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Brazilian Journal of Biology

Print version ISSN 1519-6984On-line version ISSN 1678-4375

Braz. J. Biol. vol.78 no.4 São Carlos Nov. 2018  Epub Feb 15, 2018 

Original Article

Abiotic factors drives floristic variations of fern’s metacommunity in an Atlantic Forest remnant

Fatores abióticos regulam as variações florísticas na metacomunidade de samambaias em um remanescente de Floresta Atlântica

L. E. N. Costaa  * 

R. P. Fariasa 

A. C. P. Santiagob 

I. A. A. Silvac 

I. C. L. Barrosa 

aPrograma de Pós-graduação em Biologia Vegetal, Universidade Federal de Pernambuco – UFPE, Rua Prof. Nelson Chaves, Cidade Universitária, CEP 50670-420, Recife, PE, Brazil

bCentro Acadêmico de Vitória, Universidade Federal de Pernambuco – UFPE, Rua Alto do Reservatório, Bela Vista, CEP 55608-680, Vitória de Santo Antão, PE, Brazil

cDepartamento de Botânica, Universidade Federal Rural do Rio de Janeiro – UFRRJ, Rodovia BR 465, Km 07, s/n, Zona Rural, CEP 23890-000, Seropédica, RJ, Brazil


We analyzed floristic variations in fern’s metacommunity at the local scale and their relationship with abiotic factors in an Atlantic Forest remnant of northeastern Brazil. Floristic and environmental variations were accessed on ten plots of 10 × 20 m. We performed cluster analyses, based on Bray-Curtis dissimilarity index to establish the floristic relationship. The influence of abiotic factors: luminosity, temperature, relative air humidity and relative soil moisture was evaluated from a redundancy analysis. We found 24 species belonging to 20 genera and 12 families. The fern’s flora showed high floristic heterogeneity (>75% for most of the plot’s associations). The fern’s metacommunity was structured along an abiotic gradient modulated by temperature, luminosity, and relative soil moisture.

Keywords:  floristic dissimilarity; species distribution; local scale; luminosity; “pteridophytes”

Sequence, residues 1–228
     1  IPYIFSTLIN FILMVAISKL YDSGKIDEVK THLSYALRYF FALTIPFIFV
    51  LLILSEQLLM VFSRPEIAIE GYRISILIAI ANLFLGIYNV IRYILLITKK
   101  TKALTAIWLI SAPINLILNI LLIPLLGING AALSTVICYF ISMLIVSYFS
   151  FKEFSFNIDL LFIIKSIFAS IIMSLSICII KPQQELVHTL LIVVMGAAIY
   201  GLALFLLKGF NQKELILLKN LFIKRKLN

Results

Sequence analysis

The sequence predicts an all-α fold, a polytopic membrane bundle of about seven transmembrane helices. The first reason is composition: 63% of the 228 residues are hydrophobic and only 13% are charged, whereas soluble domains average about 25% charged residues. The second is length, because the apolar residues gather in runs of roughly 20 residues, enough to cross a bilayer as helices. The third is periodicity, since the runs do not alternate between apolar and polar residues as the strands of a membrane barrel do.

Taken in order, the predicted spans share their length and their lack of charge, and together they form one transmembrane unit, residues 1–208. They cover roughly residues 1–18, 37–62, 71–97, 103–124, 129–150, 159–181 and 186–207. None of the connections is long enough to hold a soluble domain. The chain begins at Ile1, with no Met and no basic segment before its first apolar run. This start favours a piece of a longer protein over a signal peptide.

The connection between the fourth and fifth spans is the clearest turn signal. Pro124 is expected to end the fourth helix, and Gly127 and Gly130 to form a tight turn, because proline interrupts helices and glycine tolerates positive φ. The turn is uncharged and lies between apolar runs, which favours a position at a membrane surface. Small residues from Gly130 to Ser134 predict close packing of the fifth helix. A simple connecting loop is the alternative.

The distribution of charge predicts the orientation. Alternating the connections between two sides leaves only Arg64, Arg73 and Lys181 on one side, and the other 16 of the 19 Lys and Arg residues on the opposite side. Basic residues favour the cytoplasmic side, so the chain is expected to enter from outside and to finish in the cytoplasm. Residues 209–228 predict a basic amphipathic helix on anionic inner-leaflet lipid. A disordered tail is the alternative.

Analisamos as variações florísticas na metacomunidade de samambaias em escala local e sua relação com fatores abióticos em um remanescente de Floresta Atlântica no Nordeste do Brasil. Variações florísticas e ambientais foram acessadas a partir de dez parcelas de 10 × 20 m. Realizamos análises de cluster, baseado no índice de similaridade de Bray-Curtis para estabelecer relações florísticas. A influência de fatores abióticos: luminosidade, temperatura, umidade relativa do ar e umidade relativa do solo foram avaliadas a partir da análise de redundância. Encontramos 24 espécies pertencentes a 20 gêneros e 12 famílias. A flora de samambaias exibiu uma elevada heterogeneidade florística (>75% para a maioria das associações entre plots). Observou-se que a metacomunidade de samambaias estava estruturada ao longo de um gradiente abiótico modulado pela temperatura, luminosidade e umidade relativa do solo.

Palavras-chave:  dissimilariade florística; distribuição de espécies; escala local; luminosidade; “pteridófitas”

1. Introduction

The metacommunity represents a group of species that potentially interact and that are spatially segregated into distinct patches connected by dispersal (Wilson, 1992). This concept highlights the importance of spatial scale affecting the role of the process that structures communities (Leibold et al., 2004). However, metacommunities have no clear boundaries, and different species respond and adapt across scales (Leibold et al., 2004).